- Category: Vol. 17, Special Issue, 2021 »
- Finance and Corporate Social Responsibility
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- László Domokos – Gyula Pulay – Mária Király-Szikszai
Monetary and Fiscal Policy: How Have the Two ‘Climbers’ Helped Each Other in the Past Decade and a Half ?
Civic Review· VOL 17. Special Issue, 2021, 104–123., DOI: 10.24307/psz.2021.0008
The independence of the Hungarian National Bank in setting monetary policy is guaranteed by law. However, the ultimate goal of monetary and fiscal policy, the promotion of sustainable growth of the national economy, is common. The creators of the two policies can be compared to climbers who climb to the same summit by different routes, bound together by a long safety rope. Such a rope is that when the central bank's reserves are exhausted, the budget is obliged to reimburse the central bank to cover its balance sheet deficit. This poses a direct budgetary risk. The supportive effect of monetary policy on fiscal policy can be seen, mainly indirectly, in the safer and cheaper financing of public debt. The opposite can be seen as an indirect budgetary risk. The paper reveals that between 2007 and 2012, the budgetary risks of monetary policy were amplified. However, from 2013 onwards, monetary measures have not created a direct budgetary risk, in fact the central bank paid dividends to the government. After 2013, monetary policy measures contributed to a significant reduction in the interest burden on public debt and an increase in the share of domestic sources in the financing of public debt. Monetary policy played an active role in mitigating the negative economic impact of the COVID pandemic. However, restoring fiscal balance, which was disrupted by the huge expenditure required to deal with the pandemic, is a different task for monetary and fiscal policy. It is important to keep monetary and fiscal policy together in this period.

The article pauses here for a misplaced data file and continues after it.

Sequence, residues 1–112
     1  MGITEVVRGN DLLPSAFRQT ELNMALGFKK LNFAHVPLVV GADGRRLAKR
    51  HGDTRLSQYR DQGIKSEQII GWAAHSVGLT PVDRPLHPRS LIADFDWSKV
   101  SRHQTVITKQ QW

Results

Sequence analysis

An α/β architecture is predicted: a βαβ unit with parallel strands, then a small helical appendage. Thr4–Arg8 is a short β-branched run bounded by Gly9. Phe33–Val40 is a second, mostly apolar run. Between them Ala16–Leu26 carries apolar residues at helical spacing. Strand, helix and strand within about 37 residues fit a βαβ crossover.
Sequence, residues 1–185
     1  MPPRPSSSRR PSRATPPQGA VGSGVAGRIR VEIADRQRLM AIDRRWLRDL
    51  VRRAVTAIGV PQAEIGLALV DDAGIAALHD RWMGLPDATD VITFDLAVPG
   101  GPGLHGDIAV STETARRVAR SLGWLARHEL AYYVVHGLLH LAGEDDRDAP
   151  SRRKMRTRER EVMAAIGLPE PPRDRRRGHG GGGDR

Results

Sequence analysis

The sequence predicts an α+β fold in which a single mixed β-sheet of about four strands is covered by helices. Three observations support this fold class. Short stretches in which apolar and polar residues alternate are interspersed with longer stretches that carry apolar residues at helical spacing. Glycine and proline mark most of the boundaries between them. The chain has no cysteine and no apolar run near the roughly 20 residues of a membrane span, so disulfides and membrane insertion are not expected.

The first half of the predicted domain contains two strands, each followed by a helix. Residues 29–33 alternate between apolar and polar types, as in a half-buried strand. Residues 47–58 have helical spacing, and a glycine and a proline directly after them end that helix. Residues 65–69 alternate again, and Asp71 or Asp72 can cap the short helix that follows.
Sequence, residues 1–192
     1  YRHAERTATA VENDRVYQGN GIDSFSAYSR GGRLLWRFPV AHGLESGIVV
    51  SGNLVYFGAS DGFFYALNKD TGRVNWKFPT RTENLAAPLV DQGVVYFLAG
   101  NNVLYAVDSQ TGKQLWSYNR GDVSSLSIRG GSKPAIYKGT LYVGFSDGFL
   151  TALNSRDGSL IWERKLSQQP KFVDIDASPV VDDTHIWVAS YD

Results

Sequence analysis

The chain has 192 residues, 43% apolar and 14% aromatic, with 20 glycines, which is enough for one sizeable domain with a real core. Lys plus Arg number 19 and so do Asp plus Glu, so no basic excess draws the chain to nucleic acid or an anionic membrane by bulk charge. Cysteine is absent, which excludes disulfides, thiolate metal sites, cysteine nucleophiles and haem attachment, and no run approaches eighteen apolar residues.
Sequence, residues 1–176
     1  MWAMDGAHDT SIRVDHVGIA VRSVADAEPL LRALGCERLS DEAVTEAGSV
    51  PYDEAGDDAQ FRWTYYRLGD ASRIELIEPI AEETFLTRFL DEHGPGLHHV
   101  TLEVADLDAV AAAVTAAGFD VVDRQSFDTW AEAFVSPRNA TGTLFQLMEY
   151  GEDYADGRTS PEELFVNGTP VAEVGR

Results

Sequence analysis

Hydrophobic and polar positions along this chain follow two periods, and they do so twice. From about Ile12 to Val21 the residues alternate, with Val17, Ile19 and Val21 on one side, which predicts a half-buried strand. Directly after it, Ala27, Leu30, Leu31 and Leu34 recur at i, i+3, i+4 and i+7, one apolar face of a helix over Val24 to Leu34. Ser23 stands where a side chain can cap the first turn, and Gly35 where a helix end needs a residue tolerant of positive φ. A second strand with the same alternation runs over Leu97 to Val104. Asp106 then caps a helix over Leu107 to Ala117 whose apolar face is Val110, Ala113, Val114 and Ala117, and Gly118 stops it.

Journal of Economic Literature (JEL) codes: E02, E59, H63
Keywords: monetary policy, fiscal policy, fiscal risk, foreign exchange reserves, public debt